Shah Waliullah


A reformer in India who was one of the first Muslim thinkers to see the threat that Western modernity posed to Islam. Shah Waliullah was the most celebrated theologian, scholar, translator and expounder of the Qur'an in Muslim India. His greatest contribution to India was popularising the Qur'anic education. He was the first man in India to translate the Qur'an into Persian. He stood for reform in social customs, beliefs and practices and worked for shia-sunni amity. Shah Waliullah expressed the new embattled vision, and as Muslims felt their power slipping away in other parts of the world and experienced similar fears about the survival of Islam, other philosophers and reformers would reach similar conclusions. First, Muslims must unite, bury their sectarian differences with one another, and present a united front against their enemies. The Shariah must be adapted to meet the special conditions of the Indian subcontinent, and become a means of resisting Hinduisation. It was essential, according to Shah Waliullah, that Muslims retain the upper hand militarily and politically. He strongly opposed the Sufi veneration of saints, which he considered to idol worship and was outspoken against practices Indian Muslims had picked up from their Hindu neighbours - making pilgrimages to Hindu holy places, consulting Hindu astrologers, piercing the noses of women for nose studs, lighting lamps on tombs, playing music in holy places, and celebrating Hindu festivals. Shah's solution was to strip out all non-Islamic accretions and innovations, and to emphasise instead a strictly Islamic monotheism in which prayers could be directed only to Allah, and never through any saintly intermediary. Shah Waliullah also opposed what he saw as the corrupt Muslim rulers of his day, and he encouraged Muslims to defy what he perceived as the decadence of the Mughals. His dislike of the Mughals was as much theological as political. Shah Waliullah whose family stronghold was in Madrasa-e-Rahimyya was the author of many books including his most famous book hujjat-ullah-al baligha. His sons produced the first two Urdu versions of the Qur'an. Shah Waliullah was the son of a scholar who had participated in the compilation of fatwai-alamgiri. He completed his education in Hejaz and came back to India in 1732.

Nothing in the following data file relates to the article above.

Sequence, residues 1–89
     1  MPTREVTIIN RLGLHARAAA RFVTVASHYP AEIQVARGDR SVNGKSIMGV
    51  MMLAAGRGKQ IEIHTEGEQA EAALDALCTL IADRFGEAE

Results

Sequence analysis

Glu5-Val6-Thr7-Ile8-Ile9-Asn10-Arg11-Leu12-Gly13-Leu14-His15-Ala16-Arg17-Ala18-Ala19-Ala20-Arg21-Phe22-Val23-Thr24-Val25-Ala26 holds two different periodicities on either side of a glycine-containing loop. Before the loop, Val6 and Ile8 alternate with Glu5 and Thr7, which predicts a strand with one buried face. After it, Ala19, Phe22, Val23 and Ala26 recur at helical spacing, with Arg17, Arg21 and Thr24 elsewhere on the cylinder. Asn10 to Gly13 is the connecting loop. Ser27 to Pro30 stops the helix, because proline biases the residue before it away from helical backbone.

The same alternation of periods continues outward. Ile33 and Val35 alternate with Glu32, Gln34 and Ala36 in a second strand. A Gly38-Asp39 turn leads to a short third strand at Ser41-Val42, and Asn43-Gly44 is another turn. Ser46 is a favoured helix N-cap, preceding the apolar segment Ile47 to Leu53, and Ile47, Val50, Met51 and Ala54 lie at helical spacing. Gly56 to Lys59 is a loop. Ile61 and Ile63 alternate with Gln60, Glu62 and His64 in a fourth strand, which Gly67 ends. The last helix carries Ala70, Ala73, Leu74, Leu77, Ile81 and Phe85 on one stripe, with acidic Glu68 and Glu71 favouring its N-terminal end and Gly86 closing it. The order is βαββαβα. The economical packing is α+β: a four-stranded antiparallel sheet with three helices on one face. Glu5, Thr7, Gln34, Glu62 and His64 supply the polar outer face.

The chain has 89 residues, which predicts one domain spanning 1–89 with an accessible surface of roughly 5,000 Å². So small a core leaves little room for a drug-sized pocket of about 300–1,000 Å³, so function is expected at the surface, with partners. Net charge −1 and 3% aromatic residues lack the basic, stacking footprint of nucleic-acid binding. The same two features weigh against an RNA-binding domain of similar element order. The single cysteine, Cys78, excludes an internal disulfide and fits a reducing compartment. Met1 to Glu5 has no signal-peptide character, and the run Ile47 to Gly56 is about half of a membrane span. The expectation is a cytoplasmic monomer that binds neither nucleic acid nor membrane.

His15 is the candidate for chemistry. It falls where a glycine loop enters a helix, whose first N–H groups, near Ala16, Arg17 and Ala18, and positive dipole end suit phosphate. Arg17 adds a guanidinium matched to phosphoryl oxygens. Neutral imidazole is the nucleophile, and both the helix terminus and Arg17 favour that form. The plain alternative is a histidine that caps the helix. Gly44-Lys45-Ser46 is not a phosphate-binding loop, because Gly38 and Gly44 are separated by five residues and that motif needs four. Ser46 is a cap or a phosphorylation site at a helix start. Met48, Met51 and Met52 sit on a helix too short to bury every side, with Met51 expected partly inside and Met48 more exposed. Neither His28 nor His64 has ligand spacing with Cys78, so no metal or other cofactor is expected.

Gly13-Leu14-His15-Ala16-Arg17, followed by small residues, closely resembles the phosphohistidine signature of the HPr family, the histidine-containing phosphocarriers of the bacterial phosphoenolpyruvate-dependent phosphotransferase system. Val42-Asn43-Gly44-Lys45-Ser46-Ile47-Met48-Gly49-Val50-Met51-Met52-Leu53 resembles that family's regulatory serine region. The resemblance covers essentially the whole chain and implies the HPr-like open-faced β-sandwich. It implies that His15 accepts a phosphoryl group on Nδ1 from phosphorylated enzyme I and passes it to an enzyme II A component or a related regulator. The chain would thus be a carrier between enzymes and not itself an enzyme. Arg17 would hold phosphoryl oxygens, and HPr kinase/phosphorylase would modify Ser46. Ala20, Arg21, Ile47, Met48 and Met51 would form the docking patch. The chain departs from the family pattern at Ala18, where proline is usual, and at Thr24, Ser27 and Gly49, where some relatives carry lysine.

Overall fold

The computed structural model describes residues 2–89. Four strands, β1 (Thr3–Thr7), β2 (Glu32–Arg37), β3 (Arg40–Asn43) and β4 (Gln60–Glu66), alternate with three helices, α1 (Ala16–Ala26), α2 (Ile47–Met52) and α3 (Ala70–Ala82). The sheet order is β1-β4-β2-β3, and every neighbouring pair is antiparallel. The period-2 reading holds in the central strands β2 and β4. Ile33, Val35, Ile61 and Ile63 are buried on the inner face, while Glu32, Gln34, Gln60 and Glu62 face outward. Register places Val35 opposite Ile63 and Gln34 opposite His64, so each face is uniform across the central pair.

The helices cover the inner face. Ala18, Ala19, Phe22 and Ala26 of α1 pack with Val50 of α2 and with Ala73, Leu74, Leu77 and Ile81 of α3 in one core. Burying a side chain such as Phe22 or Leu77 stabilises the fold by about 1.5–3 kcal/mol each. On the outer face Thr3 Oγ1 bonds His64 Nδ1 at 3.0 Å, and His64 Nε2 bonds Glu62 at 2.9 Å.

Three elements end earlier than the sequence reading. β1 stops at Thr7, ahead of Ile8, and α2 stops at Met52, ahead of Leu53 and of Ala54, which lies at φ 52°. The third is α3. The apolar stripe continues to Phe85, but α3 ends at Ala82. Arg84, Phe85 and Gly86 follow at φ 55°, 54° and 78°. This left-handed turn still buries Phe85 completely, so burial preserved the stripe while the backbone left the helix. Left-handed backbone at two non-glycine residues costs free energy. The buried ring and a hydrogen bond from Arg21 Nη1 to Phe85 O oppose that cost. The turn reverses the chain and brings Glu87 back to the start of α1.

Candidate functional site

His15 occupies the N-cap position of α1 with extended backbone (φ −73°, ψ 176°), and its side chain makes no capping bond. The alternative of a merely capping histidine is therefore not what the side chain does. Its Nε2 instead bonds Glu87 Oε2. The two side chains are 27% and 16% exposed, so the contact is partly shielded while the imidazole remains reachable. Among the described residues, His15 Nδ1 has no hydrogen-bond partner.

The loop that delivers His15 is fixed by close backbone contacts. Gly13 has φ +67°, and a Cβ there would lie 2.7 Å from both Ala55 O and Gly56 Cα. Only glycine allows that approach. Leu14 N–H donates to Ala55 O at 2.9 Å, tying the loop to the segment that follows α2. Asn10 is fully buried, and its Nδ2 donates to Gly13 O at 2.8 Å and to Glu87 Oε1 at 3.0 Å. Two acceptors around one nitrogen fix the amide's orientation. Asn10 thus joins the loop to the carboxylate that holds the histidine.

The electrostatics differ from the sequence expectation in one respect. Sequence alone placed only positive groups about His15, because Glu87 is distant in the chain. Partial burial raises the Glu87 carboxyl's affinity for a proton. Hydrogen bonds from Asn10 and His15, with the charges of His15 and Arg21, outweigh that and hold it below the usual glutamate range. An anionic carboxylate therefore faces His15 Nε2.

Compiler: M. Nauman Khan / Ghulam Mohiuddin

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